Diagnostic criteria

  Only one of three, four or more P waves is conducted to the ventricles.

 
Most of the P waves are not followed by a QRS complex.





ECG 1a. The patient's cardiac rhythm on admission is atrial tachycardia, complete AV block and nodal rhythm (narrow QRS
rhythm).
P waves are regular but the rate is > 100/minute . P waves are NOT related to QRS complexes .
Narrow QRS complexes
denote nodal rhythm
.


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ECG 1b. Next day, his ECG shows 2:1 AV block. Her
Only 1 of every 2 P waves can be conducted to the ventricles.


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ECG 1c. 3:1 AV block (high degree AV block). Only one of every 3
P waves can be conducted to the ventricles.
The PR intervals of the conducted P waves are fixed (200 ms).


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ECG 1d. The same patient's ECG 4 days later: complete AV block and nodal rhtyhm (narrow QRS rhythm) is seen but now
there is no atrial tachycardia.
P waves are regular but not tachycardic . P waves are not related to the QRS complexes .


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ECG 2. 5:1 AV block (high degree AV block). Only
1 of every 5 P waves can be conducted to the ventricles, while 4 of them
cannot be conducted.


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ECG 3a. The ECG tracing above is from the Holter recording of a 77 years-old woman complaining of dizziness. She was
referred to a Cardiologist by the Neurologist. This Holter tracing has 3 channels and the tracing below is the continuation of
the above rhythm. The tracing shows high degree AV block. On the left side of the upper tracing, there is
a normally
conducted P wave
. Then an ectopic atrial focus fires but fails to depolarize the ventricles . After this premature atrial beat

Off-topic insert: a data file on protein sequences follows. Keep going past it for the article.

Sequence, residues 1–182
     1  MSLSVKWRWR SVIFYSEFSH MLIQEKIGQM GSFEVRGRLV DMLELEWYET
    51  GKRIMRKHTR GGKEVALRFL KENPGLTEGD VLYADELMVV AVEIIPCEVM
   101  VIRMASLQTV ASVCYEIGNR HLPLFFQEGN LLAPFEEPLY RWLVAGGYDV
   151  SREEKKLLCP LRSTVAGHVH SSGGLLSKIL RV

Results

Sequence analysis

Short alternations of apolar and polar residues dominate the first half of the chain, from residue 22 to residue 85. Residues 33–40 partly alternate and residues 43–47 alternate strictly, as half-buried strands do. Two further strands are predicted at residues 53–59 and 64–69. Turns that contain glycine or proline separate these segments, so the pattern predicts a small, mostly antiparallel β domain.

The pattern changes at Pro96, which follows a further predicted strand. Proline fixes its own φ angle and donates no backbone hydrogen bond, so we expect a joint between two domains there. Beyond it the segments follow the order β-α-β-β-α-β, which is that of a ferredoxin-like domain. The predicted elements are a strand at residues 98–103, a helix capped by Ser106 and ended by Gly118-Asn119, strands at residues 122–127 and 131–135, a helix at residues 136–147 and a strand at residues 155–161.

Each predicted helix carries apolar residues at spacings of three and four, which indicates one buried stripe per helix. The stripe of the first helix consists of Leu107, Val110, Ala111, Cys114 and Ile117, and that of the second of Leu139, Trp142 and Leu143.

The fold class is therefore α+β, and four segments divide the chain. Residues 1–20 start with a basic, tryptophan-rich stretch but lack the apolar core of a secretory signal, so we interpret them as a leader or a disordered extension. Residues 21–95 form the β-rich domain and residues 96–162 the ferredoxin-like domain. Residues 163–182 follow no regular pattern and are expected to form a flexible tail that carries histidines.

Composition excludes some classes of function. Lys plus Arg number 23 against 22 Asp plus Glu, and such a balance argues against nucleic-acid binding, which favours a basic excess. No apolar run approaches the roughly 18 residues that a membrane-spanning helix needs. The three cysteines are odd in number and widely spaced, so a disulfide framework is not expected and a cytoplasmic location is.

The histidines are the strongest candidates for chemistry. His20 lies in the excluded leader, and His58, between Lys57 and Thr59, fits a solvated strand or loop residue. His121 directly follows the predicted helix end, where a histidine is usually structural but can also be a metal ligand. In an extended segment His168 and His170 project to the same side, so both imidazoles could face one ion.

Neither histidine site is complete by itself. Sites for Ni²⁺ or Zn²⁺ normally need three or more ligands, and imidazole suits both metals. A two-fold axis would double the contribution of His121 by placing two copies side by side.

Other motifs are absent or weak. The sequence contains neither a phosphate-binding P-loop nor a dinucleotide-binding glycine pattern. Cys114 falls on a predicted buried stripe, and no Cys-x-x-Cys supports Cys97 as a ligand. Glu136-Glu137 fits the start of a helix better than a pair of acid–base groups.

with a negative P wave configuration,
sinus P waves follow but they also fail to depolarize the ventricles resulting in
a pause of 6.5 seconds. At the end of this pause
P waves again start to be conducted to the ventricles.


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ECG 3b. Another tracing from the same patient's Holter recording: At the left side of the upper tracing
a normally conducted
P wave
is seen. Then an ectopic atrial focus fires but cannot succeed to depolarize the ventricles . Then sinus P waves follow
but they fail to depolarize the ventricles
resulting in a pause of 6.2 seconds. At the end, a nodal escape beat comes .
The
P wave coming at the same time coincides with the ST segment of the nodal escape beat.
Afterwards, normal conduction of
the P waves to the ventricles resume.


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ECG 3c. Another tracing from the same patient's Holter recording: At the left side of the upper tracing
a normally conducted
P wave
is seen. Later on a pause of 8.3 seconds follows throughout which no P wave can be conducted to the ventricles . Then
a junctional escape beat comes . But the following 5 P waves still cannot be conducted to the ventricles . There is another
nodal escape beat
at the right lower corner of the tracing. The P wave preceeding the second nodal beat is not related to it,
since
the interval between them is longer than a normal PR interval (compare it to the PR interval following the P wave at the
left upper corner
).